ON HIS YOUTHFUL LOSS OF FAITH:

The minute I went to college, I didn’t believe in God. The minute I had an opportunity to sort of be out from under the constant exposure to my faith, I accepted the opportunity to not believe. And I was very convinced of my atheism for a long time, and I was very depressed about it. I wanted very much to believe… I wanted the idea that I would see my father and my brothers again, and it was heartbreaking to think that that wouldn’t happen. The fool says in his heart that there is no God, and I was sad to be that fool. I would rather have been a fool for God, but I was so convinced that believing in God was foolish. There were five years maybe when I couldn’t think of why to get up. That wasn’t good. But the desire to believe always was there. The fact that thread was never cut was helpful. Then one day, a Gideon gave me a Bible walking down a street in Chicago….

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6 Comments

  1. Brilliant and moving–thanks.

  2. One of the reasons I love Stephen so much is his spirituality. Like most people, I have endured my own fair share of trauma, drama, pain, and anguish. Like Stephen, I too have come to appreciate each of these events as they helped make me into the person I am today. And happiness is always so much sweeter after enduring devastating grief.

  3. This is nice. Thanks for sharing. “Embrace the bomb” is good advice, too.

  4. Nice to read this, i often feel like i’m where he was in college. I’m always searching for people I respect who believe in god. I hope i’m not an atheist in 5 years. Neat guy.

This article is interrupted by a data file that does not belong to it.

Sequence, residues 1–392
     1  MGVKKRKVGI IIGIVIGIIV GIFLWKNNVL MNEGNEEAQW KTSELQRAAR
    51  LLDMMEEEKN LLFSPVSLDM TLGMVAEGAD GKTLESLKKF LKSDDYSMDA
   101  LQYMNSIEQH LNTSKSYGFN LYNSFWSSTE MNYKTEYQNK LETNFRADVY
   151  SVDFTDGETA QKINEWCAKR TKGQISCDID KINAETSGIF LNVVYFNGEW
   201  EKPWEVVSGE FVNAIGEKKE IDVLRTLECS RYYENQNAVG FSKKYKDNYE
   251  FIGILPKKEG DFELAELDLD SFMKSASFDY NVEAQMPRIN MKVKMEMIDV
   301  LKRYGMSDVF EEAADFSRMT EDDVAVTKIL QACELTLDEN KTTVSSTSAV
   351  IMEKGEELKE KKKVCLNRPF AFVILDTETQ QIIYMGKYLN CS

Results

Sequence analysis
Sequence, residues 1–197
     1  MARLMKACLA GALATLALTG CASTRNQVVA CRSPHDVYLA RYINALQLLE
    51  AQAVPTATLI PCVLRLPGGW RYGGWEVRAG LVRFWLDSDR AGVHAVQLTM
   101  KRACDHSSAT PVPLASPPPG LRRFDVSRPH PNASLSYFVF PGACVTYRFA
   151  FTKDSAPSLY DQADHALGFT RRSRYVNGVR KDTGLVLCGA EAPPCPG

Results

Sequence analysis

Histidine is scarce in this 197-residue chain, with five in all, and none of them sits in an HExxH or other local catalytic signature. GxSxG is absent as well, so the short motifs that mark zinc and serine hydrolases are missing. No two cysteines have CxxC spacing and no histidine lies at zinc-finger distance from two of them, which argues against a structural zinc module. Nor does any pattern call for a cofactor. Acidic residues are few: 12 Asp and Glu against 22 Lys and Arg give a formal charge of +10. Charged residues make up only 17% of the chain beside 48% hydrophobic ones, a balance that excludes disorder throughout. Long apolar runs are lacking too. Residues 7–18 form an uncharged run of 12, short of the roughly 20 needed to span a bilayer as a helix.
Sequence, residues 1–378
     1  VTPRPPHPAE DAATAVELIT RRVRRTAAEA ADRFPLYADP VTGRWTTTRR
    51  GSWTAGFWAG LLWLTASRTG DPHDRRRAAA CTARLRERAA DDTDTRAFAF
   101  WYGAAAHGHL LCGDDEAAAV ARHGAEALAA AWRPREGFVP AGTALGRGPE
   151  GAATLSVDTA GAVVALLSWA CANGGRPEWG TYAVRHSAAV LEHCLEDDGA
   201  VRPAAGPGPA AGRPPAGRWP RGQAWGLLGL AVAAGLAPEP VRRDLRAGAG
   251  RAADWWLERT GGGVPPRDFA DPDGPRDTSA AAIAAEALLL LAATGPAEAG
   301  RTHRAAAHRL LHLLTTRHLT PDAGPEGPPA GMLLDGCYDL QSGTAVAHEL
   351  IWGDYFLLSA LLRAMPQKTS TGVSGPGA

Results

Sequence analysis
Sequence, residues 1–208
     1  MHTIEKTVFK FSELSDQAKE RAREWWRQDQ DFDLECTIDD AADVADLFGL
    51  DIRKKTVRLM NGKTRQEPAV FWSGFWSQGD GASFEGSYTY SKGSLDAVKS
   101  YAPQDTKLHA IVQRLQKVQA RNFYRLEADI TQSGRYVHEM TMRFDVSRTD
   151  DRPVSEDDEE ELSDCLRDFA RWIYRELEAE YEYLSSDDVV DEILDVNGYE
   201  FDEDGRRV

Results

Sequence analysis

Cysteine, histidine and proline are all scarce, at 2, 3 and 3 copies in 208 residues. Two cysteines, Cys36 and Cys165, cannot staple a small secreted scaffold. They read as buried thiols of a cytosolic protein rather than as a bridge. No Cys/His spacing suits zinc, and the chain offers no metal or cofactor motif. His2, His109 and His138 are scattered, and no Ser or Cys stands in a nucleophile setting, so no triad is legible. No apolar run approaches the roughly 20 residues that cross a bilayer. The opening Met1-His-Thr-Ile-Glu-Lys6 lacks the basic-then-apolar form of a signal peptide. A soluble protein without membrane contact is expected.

5. I’m an atheist and not at all depressed. I find the whole concept of seeing your family again, after they die, childish. It seems to me like wishful thinking rather than there being any kind of truth to that idea. When people die I think the best thing to do is confront reality and accept that they are gone. Mourn their loss and remember them for who they were and what they did.

    I think a lot of people are driven to religion because they need hope. That’s a shame – as just because you want something to be true does not mean it’s the truth. I believe in searching for the truth and accepting reality. And when you do do that you will find that there is hope without God after all. Emancipating yourself from religious belief allows you to think for yourself and find your own purpose life and I am a very happy person indeed.

    • Steiner:

      These arguments are very common – but hardly every true. I was baptized into RCC at age 40…I grew up with no religion, secular materialism and SF bay area progessive-ism.

      I was not depressed, or at rock bottom. I was not afraid of death. I was not looking for hope. I was not worried about at afterlife. As you said, I found the “truth” (while not really looking)

      It was like a small lightbulb went off -literally while driving my car – I just realized OF Course there is GOD…then I studied, it took years before I joined the Church.

      I had to learn to “think for myself” and not listen to the materialist Kant of my culture in my youth. The intellectual richness of Christianity is breathtaking if you sift through the fluff…

      With respect, it is presumptuous to proclaim you know why people “fall for religion” that they need hope…Hope is gravy when you find the truth…it is not an opiate, I think more deeply as a Christian than I ever did as a materialist.

      I guess you are very young and have all the answers… 🙂 May God Bless you Anyway…